Monday, April 06, 2009

Compromise bill getting close

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A draft version of the so-called railroad/shipper compromise bill that the staffs of House Transportation & Infrastructure Committee Chair James Oberstar (D-Minn., top left) and Senate Commerce, Science, and Transportation Committee Chair Jay Rockefeller (D-W.Va., bottom left) have been crafting for the past few weeks with input from the carriers, shippers, and rail labor is expected to be ready by April 10.
Though details are still sketchy, it’s widely believed therb-kohl.jpghat the bill will reauthorize and enlarge the Surface Transportation Board and revoke regulatory review exemptions for several rail-shipped commodities. Those exemptions were put in place by the STB’s predecessor agency, the Interstate Commerce Commission, shortly after passage of the Staggers Act in 1980; they apply even if the ratio of rate revenue to railroad variable costs exceeds 180%. During his November 2007 second-term confirmation hearing, STB Acting Chairman Francis P. Mulvey indicated he opposed the exemptions.

jay-rockefeller.jpgWashington sources say that Oberstar’s and Rockefeller’s staffers that handle railroad matters, John Drake and Stephen Gardner, respectively, are working closely together to draft the compromise bill. Drake has moved to the Senate Commerce Committee, where he will finish the draft with Gardner, who will  soon be departing Rockefeller’s staff to join Joe Boardman’s Amtrak staff in a strategic planning role.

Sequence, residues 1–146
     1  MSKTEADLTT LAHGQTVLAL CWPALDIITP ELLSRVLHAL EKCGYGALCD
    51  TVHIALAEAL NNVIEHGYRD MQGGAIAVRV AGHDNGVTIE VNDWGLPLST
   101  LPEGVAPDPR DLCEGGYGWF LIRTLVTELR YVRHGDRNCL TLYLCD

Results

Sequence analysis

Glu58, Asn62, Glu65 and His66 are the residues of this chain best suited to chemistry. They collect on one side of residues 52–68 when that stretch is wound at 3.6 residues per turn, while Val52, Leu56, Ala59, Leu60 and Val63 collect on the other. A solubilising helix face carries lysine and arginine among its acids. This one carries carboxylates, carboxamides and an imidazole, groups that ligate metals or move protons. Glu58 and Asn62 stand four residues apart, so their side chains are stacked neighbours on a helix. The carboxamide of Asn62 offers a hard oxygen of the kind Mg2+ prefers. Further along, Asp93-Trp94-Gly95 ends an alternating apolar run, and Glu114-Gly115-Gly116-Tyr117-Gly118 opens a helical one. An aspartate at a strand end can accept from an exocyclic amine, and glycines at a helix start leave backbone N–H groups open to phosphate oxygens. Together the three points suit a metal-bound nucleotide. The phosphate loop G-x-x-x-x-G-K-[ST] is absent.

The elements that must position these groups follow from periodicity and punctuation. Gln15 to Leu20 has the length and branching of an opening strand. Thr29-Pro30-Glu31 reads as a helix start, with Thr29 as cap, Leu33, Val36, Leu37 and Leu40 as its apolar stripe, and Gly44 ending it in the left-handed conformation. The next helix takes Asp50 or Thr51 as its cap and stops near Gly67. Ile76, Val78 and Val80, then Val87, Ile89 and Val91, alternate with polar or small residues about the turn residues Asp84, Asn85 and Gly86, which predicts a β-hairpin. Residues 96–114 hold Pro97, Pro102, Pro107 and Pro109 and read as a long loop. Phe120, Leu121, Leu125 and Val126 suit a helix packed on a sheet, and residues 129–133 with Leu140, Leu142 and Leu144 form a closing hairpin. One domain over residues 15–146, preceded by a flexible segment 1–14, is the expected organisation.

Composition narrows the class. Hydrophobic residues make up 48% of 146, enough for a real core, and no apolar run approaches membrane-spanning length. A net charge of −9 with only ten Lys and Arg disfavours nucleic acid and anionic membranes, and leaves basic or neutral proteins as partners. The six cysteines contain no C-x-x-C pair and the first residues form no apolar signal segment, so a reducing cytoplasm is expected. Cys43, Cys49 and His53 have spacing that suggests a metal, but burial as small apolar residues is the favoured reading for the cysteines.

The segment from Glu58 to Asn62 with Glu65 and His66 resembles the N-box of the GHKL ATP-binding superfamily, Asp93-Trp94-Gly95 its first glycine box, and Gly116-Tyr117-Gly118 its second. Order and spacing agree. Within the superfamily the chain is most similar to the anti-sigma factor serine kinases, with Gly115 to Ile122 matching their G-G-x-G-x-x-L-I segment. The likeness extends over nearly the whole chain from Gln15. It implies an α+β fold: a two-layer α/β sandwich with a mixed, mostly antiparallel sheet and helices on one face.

Meanwhile, Sen. Herb Kohl (D-Wisc., top right), Chairmatammy-baldwin.jpgn of the Senate Judiciary Committee, Subcommittee on Antitrust, Competition Policy, and Consumer Rights, is expecting his Railroad Antitrust Enforcement Act of 2009 (S. 146) legislation to be introduced on the Senate floor next month. The House version of the bill, H.R. 233, sponsored by Rep. Tammy Baldwin (D-Wisc., bottom right), is expected to be marked up by the House Judiciary Committee next month.

Washington sources say the anti-trust legislation is little more than an attempt to keep pressure on the  railroads to accept and support the Oberstar/Rockefeller compromise bill. “The entire purpose of the Oberstar/Rockefeller initiative is to quickly end the railroad/shipper squabble and allow the House T&I and Senate Commerce committees to move on to other pressing issues,” says one source. “This is especially true for Oberstar, who wants to get working full time on the successor to SAFTEA-LU, which expires in September. If the draft compromise bill gains the support of railroads, shippers, and rail labor, there would be no impediment to its movement and passage.”

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